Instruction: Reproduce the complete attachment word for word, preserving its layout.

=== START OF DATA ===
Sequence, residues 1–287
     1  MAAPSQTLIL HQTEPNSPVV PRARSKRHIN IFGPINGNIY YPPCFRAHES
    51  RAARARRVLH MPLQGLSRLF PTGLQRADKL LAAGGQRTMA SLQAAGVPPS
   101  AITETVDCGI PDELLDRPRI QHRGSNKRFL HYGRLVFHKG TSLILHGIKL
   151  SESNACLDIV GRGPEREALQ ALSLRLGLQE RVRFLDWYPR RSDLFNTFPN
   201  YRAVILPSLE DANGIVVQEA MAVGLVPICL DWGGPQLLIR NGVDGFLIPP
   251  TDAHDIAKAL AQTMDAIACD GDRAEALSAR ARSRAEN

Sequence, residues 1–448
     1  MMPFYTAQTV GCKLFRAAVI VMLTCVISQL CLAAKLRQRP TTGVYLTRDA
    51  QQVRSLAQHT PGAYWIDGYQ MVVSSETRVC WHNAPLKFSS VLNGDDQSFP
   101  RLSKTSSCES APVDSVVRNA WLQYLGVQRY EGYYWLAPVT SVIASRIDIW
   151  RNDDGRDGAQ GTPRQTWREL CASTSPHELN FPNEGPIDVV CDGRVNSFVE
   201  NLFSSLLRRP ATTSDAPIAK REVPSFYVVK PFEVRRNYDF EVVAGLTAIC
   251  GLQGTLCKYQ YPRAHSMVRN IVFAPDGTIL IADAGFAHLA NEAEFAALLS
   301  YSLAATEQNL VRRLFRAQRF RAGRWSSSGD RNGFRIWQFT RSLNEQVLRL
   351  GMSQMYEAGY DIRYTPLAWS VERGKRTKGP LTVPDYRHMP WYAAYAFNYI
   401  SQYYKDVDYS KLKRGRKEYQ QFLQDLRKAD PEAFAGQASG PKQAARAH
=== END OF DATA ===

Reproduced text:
Sequence, residues 1–287
     1  MAAPSQTLIL HQTEPNSPVV PRARSKRHIN IFGPINGNIY YPPCFRAHES
    51  RAARARRVLH MPLQGLSRLF PTGLQRADKL LAAGGQRTMA SLQAAGVPPS
   101  AITETVDCGI PDELLDRPRI QHRGSNKRFL HYGRLVFHKG TSLILHGIKL
   151  SESNACLDIV GRGPEREALQ ALSLRLGLQE RVRFLDWYPR RSDLFNTFPN
   201  YRAVILPSLE DANGIVVQEA MAVGLVPICL DWGGPQLLIR NGVDGFLIPP
   251  TDAHDIAKAL AQTMDAIACD GDRAEALSAR ARSRAEN

Sequence, residues 1–448
     1  MMPFYTAQTV GCKLFRAAVI VMLTCVISQL CLAAKLRQRP TTGVYLTRDA
    51  QQVRSLAQHT PGAYWIDGYQ MVVSSETRVC WHNAPLKFSS VLNGDDQSFP
   101  RLSKTSSCES APVDSVVRNA WLQYLGVQRY EGYYWLAPVT SVIASRIDIW
   151  RNDDGRDGAQ GTPRQTWREL CASTSPHELN FPNEGPIDVV CDGRVNSFVE
   201  NLFSSLLRRP ATTSDAPIAK REVPSFYVVK PFEVRRNYDF EVVAGLTAIC
   251  GLQGTLCKYQ YPRAHSMVRN IVFAPDGTIL IADAGFAHLA NEAEFAALLS
   301  YSLAATEQNL VRRLFRAQRF RAGRWSSSGD RNGFRIWQFT RSLNEQVLRL
   351  GMSQMYEAGY DIRYTPLAWS VERGKRTKGP LTVPDYRHMP WYAAYAFNYI
   401  SQYYKDVDYS KLKRGRKEYQ QFLQDLRKAD PEAFAGQASG PKQAARAH